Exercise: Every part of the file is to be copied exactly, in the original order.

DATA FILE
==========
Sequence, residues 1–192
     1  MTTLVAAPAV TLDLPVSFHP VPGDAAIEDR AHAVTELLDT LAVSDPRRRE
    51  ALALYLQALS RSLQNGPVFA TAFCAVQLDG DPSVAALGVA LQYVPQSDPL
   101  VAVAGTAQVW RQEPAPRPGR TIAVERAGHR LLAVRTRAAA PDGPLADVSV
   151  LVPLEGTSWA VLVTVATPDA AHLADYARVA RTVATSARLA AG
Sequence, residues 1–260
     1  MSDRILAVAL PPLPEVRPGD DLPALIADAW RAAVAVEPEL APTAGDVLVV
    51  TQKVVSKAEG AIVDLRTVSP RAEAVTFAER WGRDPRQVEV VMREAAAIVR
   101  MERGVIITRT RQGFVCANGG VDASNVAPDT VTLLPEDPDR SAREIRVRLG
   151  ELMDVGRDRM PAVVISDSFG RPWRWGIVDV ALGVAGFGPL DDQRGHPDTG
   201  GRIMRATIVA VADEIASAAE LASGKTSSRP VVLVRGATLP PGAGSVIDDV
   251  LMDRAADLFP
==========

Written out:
Sequence, residues 1–192
     1  MTTLVAAPAV TLDLPVSFHP VPGDAAIEDR AHAVTELLDT LAVSDPRRRE
    51  ALALYLQALS RSLQNGPVFA TAFCAVQLDG DPSVAALGVA LQYVPQSDPL
   101  VAVAGTAQVW RQEPAPRPGR TIAVERAGHR LLAVRTRAAA PDGPLADVSV
   151  LVPLEGTSWA VLVTVATPDA AHLADYARVA RTVATSARLA AG
Sequence, residues 1–260
     1  MSDRILAVAL PPLPEVRPGD DLPALIADAW RAAVAVEPEL APTAGDVLVV
    51  TQKVVSKAEG AIVDLRTVSP RAEAVTFAER WGRDPRQVEV VMREAAAIVR
   101  MERGVIITRT RQGFVCANGG VDASNVAPDT VTLLPEDPDR SAREIRVRLG
   151  ELMDVGRDRM PAVVISDSFG RPWRWGIVDV ALGVAGFGPL DDQRGHPDTG
   201  GRIMRATIVA VADEIASAAE LASGKTSSRP VVLVRGATLP PGAGSVIDDV
   251  LMDRAADLFP